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Low-Volatility ETFs to Protect Against Market Gyrations

tlydon@globaltrend.com (Tom Lydon)

After the wild market oscillations in 2011, many investors have become guarded in their equities allocations. Meanwhile, exchange traded funds that track the “low volatility” theme have made their way into the markets, providing investors a more cautious position to global stocks.

Minimum or low volatility ETFs specifically select equity securities from an underlying benchmark that exhibit lower absolute volatility, essentially producing a more stable performance.

“Researchers have come up with several explanations as to why low-volatility stocks post such great risk-adjusted performances,” Morningstar analyst Samuel Lee said in a research note. “The most convincing involves leverage aversion. Investors who target above-market returns may be unwilling or unable to use leverage to reach their expected-return targets. By resorting to volatile stocks (more accurately high-beta stocks), which theoretically should outperform less-volatile stocks, they hope to earn above-average profits.”

For example, the iShares MSCI Emerging Markets Minimum Volatility Index Fund (EEMV - News) picks stable stocks from the MSCI Emerging Markets Index. EEMV is up 13.0% year-to-date, whereas the Index is up 11.9%. However, Lee notes that this outperformance won’t last since the fund’s strategy will underperform during bull markets.

“EEMV’s beta, or sensitivity to the market’s gyrations, is about 0.80, meaning for each 1% move in the MSCI Emerging Markets Index, EEMV will move in the same direction by 0.8%,” Lee added. [Stock ETF Correlations Returning to Normal]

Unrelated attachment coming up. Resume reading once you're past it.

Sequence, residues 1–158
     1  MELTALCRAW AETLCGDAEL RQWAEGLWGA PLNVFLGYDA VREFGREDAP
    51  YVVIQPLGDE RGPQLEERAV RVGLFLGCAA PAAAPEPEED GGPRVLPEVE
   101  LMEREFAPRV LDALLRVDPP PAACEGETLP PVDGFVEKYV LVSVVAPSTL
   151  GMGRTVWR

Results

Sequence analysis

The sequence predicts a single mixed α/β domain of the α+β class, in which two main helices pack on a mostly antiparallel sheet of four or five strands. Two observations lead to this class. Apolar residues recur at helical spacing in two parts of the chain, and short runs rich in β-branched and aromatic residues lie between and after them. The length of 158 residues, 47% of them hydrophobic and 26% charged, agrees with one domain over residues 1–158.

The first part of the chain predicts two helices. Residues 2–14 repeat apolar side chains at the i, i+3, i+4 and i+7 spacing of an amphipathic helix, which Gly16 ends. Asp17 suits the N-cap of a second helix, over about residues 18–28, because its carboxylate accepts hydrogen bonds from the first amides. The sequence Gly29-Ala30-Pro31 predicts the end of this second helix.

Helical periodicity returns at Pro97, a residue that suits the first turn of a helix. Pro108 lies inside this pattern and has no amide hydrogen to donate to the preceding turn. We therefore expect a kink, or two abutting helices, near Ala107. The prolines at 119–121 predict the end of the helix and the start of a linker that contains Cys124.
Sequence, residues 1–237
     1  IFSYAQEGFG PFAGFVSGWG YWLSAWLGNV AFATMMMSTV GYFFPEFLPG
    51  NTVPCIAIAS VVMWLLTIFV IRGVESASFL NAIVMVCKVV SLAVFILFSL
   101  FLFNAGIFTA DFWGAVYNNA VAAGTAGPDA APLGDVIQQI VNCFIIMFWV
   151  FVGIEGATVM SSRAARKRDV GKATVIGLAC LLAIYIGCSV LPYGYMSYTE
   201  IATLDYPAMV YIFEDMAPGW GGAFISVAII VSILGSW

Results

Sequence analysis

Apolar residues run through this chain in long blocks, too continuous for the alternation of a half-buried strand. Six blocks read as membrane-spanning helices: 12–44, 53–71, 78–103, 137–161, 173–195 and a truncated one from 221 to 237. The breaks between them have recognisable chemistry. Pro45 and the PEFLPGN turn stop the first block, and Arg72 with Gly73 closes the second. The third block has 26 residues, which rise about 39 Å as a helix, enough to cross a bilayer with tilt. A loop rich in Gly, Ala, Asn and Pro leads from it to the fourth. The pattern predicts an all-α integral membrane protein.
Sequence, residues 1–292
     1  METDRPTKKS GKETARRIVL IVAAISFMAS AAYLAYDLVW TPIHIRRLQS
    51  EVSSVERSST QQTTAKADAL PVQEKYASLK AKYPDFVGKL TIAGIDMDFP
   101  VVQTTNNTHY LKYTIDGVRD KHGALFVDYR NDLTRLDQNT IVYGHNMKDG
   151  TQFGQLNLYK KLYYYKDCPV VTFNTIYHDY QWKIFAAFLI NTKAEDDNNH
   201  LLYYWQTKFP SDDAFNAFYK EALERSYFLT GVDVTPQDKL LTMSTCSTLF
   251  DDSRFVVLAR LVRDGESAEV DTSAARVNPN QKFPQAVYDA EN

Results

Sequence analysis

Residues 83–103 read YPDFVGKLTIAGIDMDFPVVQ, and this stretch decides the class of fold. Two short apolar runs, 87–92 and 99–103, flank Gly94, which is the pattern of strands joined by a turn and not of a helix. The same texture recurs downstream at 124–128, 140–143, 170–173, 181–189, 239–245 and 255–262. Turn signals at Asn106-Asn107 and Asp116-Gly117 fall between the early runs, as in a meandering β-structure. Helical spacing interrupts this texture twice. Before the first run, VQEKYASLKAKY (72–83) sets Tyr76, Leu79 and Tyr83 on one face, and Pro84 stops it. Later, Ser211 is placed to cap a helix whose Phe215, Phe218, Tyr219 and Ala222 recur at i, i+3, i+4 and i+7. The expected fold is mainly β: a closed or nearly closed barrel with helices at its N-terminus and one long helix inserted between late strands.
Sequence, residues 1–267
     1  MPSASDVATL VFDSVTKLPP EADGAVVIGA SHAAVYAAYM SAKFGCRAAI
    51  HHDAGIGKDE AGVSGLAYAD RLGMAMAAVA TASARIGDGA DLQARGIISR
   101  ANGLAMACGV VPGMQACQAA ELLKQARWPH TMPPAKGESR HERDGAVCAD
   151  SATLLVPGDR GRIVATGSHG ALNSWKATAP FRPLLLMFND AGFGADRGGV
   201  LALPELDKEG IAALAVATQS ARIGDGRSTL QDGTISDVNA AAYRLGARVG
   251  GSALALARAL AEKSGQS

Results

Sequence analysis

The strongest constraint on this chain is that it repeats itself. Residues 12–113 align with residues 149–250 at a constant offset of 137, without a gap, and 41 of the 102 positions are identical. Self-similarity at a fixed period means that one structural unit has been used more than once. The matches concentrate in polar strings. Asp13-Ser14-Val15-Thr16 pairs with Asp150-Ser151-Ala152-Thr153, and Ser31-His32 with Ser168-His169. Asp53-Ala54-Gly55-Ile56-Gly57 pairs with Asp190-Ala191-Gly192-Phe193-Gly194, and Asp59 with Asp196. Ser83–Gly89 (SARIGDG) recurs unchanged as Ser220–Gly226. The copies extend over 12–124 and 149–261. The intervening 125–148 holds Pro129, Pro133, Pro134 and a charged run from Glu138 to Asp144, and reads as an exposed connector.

PowerShares S&P Emerging Markets Low Volatility Portfolio (EELV - News) is up about 9.4% since its January launch. EELV has a beta of 0.7.

Brendan Conway for Barron’s also points out other global low-volatility ETF options, including the iShares MSCI All Country World Minimum Volatility Index Fund (ACWV - News) , which is up 6.8% year-to-date and has a 0.65 beta; the Russell Developed ex-U.S. Low Volatility ETF (XLVO - News) , which is up 6.3% year-to-date; and the Direxion S&P Latin America 40 RC Volatility Response Shares (VLAT - News) , which is roughly unchanged since its January inception.

The largest ETF in the low volatility category is the PowerShares S&P 500 Low Volatility Portfolio (SPLV - News) , with $1.54 billion in assets. It tracks 100 of the S&P 500’s stocks that have shown the lowest volatility over the last year. The fund is up 5.1% year-to-date, compared to the SPDR S&P 500 (SPY - News) gain of 11.8% year-to-date. SPLV has a beta of 0.7.

Axioma, a risk-modeling firm behind the Russell 1000 Low Volatility ETF (LVOL - News) , argues that their product provides a more diversified market exposure and higher value for investors. Additionally, the firm mentions the iShares MSCI USA Minimum Volatility Index fund (USMV - News) , another mathematically sophisticated rival, as a good alternative.

These types of investments appeal to investors as a long-term, buy-and-hold investment.

“Over the past 50 years, the least-volatile stocks have performed about as well as the market, but with far less risk,” Lee said.

For more information on market volatility, visit our volatility category.

Max Chen contributed to this article.